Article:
Damien helps individuals invest and manage risk. He is a CERTIFIED FINANCIAL PLANNER™ professional and a principal of Walnut Creek Wealth Management. These are the views of Damien Couture, CFP® and should not be construed as investment advice. All information is believed to be from reliable sources; however we make no representation as to its completeness or accuracy. Not all recommendations are suitable for all investors. Each investor must consider their own goals, time horizon and risk tolerance. Your comments are welcome. Damien can be reached at 925-280-1800 x101 or

The Dirt Gardener – Pruning Apricot Trees

Apricot Tree
Q. Can I prune a six-inch diameter branch off my apricot tree? I’m making room for a garden shed, but I could wait if it would harm the tree.

A. It’s perfectly okay at this time to remove a limb(s) and or branches off an apricot tree. Actually, you could do your dormant season pruning now. Traditionally, January and February have been the customary months to prune deciduous fruit trees; however, this is changing particularly with apricots. There is a lot of discussion supporting the summer and fall pruning of fruit trees. This also includes cherries, plums, peaches and nectarines. The exception would be those varieties with a crop still maturing such as apples, pears and persimmons.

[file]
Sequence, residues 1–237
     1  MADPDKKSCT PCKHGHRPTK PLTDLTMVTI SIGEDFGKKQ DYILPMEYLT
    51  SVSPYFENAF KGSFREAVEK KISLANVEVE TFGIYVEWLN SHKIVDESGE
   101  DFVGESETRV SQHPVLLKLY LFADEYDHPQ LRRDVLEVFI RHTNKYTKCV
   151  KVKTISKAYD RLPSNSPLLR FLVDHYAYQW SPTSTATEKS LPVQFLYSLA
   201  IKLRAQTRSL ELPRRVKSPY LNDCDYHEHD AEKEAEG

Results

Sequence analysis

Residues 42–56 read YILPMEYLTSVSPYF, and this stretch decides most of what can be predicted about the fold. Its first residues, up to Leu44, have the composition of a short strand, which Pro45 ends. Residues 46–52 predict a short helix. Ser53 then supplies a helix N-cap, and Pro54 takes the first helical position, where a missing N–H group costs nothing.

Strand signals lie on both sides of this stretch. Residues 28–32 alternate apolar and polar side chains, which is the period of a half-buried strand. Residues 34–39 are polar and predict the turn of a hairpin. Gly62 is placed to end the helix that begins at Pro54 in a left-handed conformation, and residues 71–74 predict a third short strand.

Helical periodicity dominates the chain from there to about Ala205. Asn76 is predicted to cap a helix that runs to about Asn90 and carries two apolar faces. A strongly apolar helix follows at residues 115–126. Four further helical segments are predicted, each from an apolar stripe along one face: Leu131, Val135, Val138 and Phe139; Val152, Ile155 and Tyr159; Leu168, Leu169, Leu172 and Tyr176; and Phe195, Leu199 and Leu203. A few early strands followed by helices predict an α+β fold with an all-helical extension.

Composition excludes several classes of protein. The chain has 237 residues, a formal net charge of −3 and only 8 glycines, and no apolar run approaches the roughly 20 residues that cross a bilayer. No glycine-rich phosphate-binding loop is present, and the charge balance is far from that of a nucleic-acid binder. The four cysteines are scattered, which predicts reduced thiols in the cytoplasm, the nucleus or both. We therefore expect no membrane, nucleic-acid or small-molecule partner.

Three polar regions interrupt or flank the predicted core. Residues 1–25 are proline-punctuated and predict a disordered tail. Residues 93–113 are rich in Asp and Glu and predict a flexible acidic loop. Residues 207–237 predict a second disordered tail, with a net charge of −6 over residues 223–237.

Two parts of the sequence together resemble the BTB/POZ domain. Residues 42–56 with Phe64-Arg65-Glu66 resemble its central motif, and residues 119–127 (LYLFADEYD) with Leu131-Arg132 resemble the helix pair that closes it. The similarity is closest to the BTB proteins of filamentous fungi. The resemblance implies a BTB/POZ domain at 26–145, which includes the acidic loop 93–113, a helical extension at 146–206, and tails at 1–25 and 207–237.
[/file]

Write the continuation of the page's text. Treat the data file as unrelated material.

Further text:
September and October are excellent months to prune as the trees are in the beginning stages of dormancy, even though the leaves haven’t turn color and started to fall. Leaf drop is still four to six weeks off. By definition, plants, including evergreens, are dormant when they have stopped actively growing. This is certainly the case with fruit trees as we haven’t seen any new growth on deciduous varieties for sometime nor do we expect to see any until next spring. One of the biggest disadvantages of pruning now is that the foliage gets in the way. It’s more difficult to identify what needs to be prune and or kept. The trade off is that during the winter months, conditions can be cold, damp, muddy or all of the above. Hence pruning in the fall is gaining in popularity.